Pakistan: Sociopolitical tensions are growing amid persisting economic crisis and before upcoming elections
Protests and strikes are spreading across the whole country as the cost-of-living crisis continues to bite. The recent government decision to raise electricity costs – to meet IMF requirements amid extremely poor public finances – was particularly criticised. Pakistan is still struggling against an economic crisis with no end in sight, which will be a dominant topic in the next general elections.
Pressures are rising further on the new temporary government. One month ago, PM Shehbaz Shariff gave the reins of government to Anwar ul Haq Kakar, a politician from Balochistan, as caretaker PM until general elections are held. The general elections date is not known yet but it will probably not be before the first quarter of 2024. While the outcome of the elections is very uncertain, opposition leader and the country’s most popular candidate, former PM Imran Khan, is barred from participating after he was sentenced to 3 years in prison in August due to corruption charges.
In the meantime, the caretaker government will strive to get the balance right between street pressures and IMF requirements. In June, Islamabad secured a 9-month USD 3 bn loan from the IMF – with an immediate disbursement of USD 1.2 bn – to support the balance of payments and avert a sovereign default, thereby committing to meet key requirements from the IMF. Lower electricity subsidies was one of the required measure to support Pakistan’s weak fiscal position and power sector, but as expected the measure is very unpopular. Indeed, persisting high cost of living, combined with high inflation (27% in August) and one of the world’s weakest currency this year so far (the Pakistani rupee has depreciated by more than 30% vis-à-vis the US dollar) weigh on poor socioeconomic conditions. Therefore, government policies will remain very challenging in the run-up to the next elections and beyond. The liquidity situation has temporarily improved since July, after various financial support (particularly from the IMF, China, Saudi Arabia and the United Arab Emirates) allowed foreign exchange reserves to swell to the equivalent of 6 weeks of imports.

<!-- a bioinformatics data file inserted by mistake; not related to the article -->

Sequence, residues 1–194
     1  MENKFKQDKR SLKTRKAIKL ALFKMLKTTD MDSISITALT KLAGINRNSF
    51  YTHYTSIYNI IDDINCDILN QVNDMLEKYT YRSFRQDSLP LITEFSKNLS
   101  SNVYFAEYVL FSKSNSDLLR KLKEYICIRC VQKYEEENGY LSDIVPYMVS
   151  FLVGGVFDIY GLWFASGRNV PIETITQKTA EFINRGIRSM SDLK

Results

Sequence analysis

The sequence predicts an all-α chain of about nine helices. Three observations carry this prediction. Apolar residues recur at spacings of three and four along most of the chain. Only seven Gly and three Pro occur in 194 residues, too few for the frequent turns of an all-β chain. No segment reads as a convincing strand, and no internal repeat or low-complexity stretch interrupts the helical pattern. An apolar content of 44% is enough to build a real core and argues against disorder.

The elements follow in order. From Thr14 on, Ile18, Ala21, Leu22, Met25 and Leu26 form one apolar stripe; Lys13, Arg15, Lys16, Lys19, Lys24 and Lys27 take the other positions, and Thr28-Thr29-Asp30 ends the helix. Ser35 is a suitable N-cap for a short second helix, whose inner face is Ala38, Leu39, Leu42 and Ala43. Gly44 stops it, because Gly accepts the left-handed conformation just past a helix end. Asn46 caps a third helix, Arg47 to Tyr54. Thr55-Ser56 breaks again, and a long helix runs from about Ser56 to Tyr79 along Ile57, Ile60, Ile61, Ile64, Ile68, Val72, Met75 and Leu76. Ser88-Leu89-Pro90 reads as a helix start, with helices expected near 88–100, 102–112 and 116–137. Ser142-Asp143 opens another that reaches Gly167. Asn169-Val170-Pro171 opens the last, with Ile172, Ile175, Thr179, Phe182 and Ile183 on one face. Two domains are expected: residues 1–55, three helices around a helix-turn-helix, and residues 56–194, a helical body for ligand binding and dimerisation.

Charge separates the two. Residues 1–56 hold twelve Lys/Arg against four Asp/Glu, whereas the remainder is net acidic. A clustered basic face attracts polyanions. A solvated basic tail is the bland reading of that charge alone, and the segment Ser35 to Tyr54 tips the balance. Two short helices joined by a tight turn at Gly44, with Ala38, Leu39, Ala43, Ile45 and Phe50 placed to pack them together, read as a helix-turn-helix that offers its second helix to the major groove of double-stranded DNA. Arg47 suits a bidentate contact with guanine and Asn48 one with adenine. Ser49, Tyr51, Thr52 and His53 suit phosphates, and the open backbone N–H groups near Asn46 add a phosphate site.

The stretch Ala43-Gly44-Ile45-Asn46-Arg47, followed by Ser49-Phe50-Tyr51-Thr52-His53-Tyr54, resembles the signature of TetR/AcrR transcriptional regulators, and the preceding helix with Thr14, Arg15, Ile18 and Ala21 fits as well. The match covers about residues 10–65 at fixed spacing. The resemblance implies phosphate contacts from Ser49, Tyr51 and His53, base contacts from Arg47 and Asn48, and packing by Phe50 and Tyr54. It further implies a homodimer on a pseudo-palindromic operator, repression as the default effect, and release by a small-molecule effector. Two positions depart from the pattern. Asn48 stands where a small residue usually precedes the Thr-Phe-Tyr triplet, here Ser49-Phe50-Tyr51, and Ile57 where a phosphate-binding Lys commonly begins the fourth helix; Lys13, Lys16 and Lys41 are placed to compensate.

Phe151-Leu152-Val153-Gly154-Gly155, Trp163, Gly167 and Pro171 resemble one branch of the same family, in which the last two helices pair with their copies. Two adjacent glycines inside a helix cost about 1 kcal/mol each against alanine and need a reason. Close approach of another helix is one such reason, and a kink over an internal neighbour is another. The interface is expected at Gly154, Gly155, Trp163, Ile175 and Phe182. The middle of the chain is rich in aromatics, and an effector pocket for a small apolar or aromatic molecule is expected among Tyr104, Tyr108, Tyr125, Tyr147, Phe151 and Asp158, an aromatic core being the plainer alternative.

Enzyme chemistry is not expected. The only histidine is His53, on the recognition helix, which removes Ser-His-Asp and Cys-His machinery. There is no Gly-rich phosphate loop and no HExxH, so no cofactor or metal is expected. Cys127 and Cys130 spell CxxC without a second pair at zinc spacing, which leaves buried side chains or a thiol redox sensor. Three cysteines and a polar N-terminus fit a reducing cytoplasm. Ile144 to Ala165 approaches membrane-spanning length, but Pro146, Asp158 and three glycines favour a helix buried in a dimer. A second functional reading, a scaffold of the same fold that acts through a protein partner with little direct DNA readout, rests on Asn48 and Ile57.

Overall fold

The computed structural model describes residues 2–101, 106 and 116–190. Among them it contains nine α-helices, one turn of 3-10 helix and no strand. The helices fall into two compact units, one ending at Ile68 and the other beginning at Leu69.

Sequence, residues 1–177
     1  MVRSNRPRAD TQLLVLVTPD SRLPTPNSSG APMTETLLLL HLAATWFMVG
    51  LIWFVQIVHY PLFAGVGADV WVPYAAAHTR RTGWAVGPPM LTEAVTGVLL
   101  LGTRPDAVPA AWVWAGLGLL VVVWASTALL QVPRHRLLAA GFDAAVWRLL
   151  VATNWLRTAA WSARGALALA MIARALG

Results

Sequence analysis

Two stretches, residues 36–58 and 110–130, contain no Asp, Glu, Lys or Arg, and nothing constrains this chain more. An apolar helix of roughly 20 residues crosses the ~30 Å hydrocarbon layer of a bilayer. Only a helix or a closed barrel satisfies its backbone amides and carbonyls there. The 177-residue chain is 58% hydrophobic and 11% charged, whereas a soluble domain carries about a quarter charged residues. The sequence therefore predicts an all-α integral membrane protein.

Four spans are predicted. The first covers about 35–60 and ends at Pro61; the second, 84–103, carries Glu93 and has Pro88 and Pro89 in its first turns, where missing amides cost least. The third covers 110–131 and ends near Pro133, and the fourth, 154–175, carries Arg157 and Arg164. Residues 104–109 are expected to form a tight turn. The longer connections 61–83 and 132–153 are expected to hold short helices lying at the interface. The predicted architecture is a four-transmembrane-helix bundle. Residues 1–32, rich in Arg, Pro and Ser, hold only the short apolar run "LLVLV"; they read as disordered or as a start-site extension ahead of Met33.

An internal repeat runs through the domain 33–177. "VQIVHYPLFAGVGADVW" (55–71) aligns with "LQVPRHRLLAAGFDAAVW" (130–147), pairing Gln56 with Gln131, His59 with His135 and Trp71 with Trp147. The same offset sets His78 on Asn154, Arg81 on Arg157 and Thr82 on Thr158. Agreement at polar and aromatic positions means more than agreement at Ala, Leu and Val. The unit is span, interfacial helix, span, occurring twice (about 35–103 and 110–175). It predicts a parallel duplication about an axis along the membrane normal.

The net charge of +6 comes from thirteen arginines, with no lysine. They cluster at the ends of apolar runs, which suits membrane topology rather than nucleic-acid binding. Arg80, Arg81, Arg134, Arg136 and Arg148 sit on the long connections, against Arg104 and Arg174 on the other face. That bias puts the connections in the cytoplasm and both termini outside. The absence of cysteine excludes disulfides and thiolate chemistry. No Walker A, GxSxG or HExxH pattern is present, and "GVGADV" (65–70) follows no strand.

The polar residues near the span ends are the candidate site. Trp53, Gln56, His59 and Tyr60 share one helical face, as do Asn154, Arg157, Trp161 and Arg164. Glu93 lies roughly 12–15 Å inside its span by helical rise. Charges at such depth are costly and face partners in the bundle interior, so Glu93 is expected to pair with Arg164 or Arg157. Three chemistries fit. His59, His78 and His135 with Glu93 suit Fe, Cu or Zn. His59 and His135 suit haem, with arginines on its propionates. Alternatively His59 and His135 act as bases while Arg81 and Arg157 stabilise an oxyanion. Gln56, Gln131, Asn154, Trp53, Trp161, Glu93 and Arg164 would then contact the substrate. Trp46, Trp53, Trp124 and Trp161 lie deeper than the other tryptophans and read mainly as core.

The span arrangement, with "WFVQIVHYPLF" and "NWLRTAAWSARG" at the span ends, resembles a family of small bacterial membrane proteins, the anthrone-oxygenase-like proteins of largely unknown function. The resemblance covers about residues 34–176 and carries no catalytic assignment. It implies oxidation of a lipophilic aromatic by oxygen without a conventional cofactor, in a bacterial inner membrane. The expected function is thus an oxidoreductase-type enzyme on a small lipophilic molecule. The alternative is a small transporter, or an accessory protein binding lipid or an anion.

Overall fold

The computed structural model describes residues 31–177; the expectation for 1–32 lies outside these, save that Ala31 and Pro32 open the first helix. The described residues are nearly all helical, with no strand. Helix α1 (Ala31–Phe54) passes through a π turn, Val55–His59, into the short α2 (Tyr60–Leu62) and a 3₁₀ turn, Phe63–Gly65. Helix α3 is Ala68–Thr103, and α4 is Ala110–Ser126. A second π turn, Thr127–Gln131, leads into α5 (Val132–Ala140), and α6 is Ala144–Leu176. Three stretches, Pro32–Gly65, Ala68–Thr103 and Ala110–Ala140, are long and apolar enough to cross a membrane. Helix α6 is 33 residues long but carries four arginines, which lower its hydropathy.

However, given high debt servicing ahead, prohibitive access to financial markets and ongoing recession, pressures on the government, liquidity, rupee and sovereign debt are not going to abate any time soon. Therefore, Credendo’s high country risk ratings are expected to remain unchanged in the coming months.
Analyst: Raphaël Cecchi – firstname.lastname@example.org